With the NFL taking the rare step to move its window for teams to apply franchise and transition tags, let’s take a look at one of the most pivotal developments in tag history. A fascinating tag-related sequence began 14 years ago today. After Steve Hutchinson reeled off three straight Pro Bowl seasons — two of them producing first-team All-Pro acclaim — the Seahawks placed their transition tag on the standout guard on Feb. 23, 2006.
Hutchinson had just helped Shaun Alexander race to MVP honors during Seattle’s 2005 NFC championship season. Not only did this transition tag not work out for the Seahawks, it set in motion a chain of events that led to a change in NFL offseason procedures.
The Seahawks frequently used their tag in the years leading up to this, franchise-tagging Walter Jones from 2002-04. The Hall of Fame tackle played on the tag in each season but signed a seven-year, $52.5MM extension in February 2005; that figure became important in the Hutchinson proceedings. The Seahawks also franchise-tagged Alexander in 2005, and his status as a free agent loomed large a year later as well.
Seattle opted to use the lesser transition tag, which provides no compensation for successful offer sheets, on Hutchinson. The Vikings then signed Hutchinson to a seven-year, $49MM offer sheet in March, making him the highest-paid guard in league history. But a clause in this contract became the story.
Minnesota’s offer sheet stipulated all of Hutchinson’s $49MM would become guaranteed were he not his team’s highest-paid offensive lineman at the time he signed the contract. With Jones in place on his $7.5MM-per-year deal, Hutchinson would have not been Seattle’s highest-paid O-lineman. That would have triggered the guarantee. Because of the Vikings’ tactic here, the term “poison pill” became a common phrase that offseason. An NFL arbitrator ruled in favor of the Vikings, keeping this language in the contract and sending then-28-year-old lineman to the Twin Cities.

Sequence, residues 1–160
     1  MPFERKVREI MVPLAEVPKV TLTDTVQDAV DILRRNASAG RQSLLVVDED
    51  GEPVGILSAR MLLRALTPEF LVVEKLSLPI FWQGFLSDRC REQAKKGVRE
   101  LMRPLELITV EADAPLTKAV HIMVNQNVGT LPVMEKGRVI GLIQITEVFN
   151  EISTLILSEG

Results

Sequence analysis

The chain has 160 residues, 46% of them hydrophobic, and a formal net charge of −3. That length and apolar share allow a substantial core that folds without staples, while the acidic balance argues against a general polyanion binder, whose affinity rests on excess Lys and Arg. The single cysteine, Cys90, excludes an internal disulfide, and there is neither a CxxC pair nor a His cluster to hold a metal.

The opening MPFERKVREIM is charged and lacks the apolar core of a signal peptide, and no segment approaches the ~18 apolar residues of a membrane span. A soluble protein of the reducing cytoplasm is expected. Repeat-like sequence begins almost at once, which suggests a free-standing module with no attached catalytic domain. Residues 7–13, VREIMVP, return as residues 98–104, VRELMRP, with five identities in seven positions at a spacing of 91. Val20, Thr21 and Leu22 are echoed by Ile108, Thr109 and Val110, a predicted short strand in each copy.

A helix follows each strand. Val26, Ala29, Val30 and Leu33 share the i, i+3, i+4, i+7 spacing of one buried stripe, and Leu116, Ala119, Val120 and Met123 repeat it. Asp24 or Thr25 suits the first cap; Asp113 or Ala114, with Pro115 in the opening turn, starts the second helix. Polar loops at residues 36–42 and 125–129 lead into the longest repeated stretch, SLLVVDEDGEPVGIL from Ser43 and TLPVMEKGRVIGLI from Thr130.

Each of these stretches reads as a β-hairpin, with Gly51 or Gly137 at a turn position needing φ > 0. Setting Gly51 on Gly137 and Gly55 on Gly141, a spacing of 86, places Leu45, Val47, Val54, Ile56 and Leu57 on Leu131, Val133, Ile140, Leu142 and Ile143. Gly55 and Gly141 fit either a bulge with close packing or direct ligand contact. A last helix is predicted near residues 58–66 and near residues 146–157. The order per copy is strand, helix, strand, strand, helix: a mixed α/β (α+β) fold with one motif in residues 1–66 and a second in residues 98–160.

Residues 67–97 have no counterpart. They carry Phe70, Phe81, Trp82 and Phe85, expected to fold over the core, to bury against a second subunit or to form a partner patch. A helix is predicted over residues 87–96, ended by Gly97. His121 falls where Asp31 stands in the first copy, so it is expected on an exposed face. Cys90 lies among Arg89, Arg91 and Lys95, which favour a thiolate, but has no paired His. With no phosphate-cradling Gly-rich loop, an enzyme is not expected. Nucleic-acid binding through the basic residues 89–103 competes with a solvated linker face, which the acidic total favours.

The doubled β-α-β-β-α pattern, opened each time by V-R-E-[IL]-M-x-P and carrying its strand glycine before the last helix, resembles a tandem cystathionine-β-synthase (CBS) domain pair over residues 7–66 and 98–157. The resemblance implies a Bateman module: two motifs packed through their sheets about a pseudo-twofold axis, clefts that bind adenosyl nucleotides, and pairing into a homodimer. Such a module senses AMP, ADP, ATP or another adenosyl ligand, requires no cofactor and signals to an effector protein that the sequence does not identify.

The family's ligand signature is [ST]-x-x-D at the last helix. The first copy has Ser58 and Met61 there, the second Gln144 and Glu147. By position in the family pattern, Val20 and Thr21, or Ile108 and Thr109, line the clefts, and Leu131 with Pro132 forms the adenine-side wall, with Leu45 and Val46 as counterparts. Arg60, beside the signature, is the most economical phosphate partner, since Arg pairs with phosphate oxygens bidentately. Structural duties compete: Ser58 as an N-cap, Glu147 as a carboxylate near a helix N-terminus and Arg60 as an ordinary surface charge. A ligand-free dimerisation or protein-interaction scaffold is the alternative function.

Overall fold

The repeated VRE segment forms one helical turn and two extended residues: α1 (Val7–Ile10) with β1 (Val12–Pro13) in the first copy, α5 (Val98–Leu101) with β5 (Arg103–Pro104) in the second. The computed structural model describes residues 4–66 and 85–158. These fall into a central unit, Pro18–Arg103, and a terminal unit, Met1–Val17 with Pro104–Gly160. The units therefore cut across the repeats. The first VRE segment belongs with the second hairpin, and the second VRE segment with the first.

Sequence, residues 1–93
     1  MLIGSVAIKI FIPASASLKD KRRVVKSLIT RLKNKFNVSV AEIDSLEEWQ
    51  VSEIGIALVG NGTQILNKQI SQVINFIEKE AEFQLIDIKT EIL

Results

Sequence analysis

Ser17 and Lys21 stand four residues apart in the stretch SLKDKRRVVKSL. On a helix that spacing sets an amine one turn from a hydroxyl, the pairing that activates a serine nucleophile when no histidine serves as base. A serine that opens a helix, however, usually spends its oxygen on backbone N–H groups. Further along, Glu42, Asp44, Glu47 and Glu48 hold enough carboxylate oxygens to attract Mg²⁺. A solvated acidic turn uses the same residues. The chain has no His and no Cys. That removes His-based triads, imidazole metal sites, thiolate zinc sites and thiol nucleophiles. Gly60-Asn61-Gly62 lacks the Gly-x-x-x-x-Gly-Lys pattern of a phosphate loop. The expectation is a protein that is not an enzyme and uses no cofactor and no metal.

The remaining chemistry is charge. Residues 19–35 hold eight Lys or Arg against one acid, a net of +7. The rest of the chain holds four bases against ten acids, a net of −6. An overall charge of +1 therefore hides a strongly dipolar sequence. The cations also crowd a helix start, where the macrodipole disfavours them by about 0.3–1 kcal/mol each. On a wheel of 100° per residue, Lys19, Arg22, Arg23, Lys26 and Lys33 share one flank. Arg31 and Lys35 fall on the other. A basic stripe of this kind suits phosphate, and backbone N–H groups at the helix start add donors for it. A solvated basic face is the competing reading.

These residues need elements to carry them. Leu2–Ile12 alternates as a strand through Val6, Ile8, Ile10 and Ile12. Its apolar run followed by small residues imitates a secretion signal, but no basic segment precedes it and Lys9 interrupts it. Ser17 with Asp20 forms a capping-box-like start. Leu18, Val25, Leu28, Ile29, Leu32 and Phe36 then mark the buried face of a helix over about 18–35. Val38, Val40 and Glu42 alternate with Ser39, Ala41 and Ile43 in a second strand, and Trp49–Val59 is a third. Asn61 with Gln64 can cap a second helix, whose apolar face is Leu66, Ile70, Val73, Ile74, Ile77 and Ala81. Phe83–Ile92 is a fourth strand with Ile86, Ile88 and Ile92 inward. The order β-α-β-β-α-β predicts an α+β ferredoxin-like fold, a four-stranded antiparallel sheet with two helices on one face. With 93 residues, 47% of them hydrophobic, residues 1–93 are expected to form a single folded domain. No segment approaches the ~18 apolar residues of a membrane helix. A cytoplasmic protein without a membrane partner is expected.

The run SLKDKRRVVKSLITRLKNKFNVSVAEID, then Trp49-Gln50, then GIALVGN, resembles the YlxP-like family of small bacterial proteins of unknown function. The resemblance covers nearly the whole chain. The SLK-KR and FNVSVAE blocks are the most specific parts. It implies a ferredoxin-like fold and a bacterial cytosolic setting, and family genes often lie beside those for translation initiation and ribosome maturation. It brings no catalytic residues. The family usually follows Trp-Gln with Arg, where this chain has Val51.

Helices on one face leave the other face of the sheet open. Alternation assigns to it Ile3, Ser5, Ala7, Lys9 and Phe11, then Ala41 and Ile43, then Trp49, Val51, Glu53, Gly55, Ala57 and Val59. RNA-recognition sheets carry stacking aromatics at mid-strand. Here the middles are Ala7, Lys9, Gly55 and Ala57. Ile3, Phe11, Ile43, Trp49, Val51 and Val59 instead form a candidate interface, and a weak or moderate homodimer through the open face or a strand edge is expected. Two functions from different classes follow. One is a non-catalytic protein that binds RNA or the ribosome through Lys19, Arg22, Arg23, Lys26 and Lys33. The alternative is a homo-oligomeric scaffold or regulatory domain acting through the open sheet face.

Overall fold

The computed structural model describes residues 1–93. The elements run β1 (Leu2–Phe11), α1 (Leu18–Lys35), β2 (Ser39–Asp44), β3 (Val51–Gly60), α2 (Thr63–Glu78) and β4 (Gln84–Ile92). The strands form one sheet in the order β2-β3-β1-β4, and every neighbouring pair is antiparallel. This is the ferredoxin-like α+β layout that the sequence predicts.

Rather than match the onerous offer sheet, Seattle used that money to give linebacker Julian Peterson a seven-year, $54MM deal. Prior to the Vikings’ Hutchinson contract, the Seahawks had already authorized an eight-year, $62MM deal for Alexander. That decision burned the Seahawks quickly, while Hutchinson continued his prime with the Vikings.
As a revenge measure in this unique offseason feud, the Seahawks then pilfered Vikings restricted free agent wide receiver Nate Burleson for the same amount — seven years and $49MM — despite Burleson never making a Pro Bowl. But Seattle’s “poison pill” was even weirder. That RFA offer sheet stipulated Burleson’s $49MM would become guaranteed if he played five games in the state of Minnesota. The Vikings naturally passed on this offer sheet.
While both teams were admonished at the ensuing league meetings, the Vikings got the better end of these transactions. Hutchinson played six seasons with the Vikings, made four more Pro Bowls while helping Adrian Peterson‘s rise and was elected to the Hall of Fame earlier this year. Alexander’s production fell off considerably in 2006, and he was out of the league by 2009. A Seattle native, Burleson was a Seahawk from 2006-09. The NFL discontinued “poison pill”-type clauses in offer sheets in 2012.
Photo courtesy of USA Today Sports Images.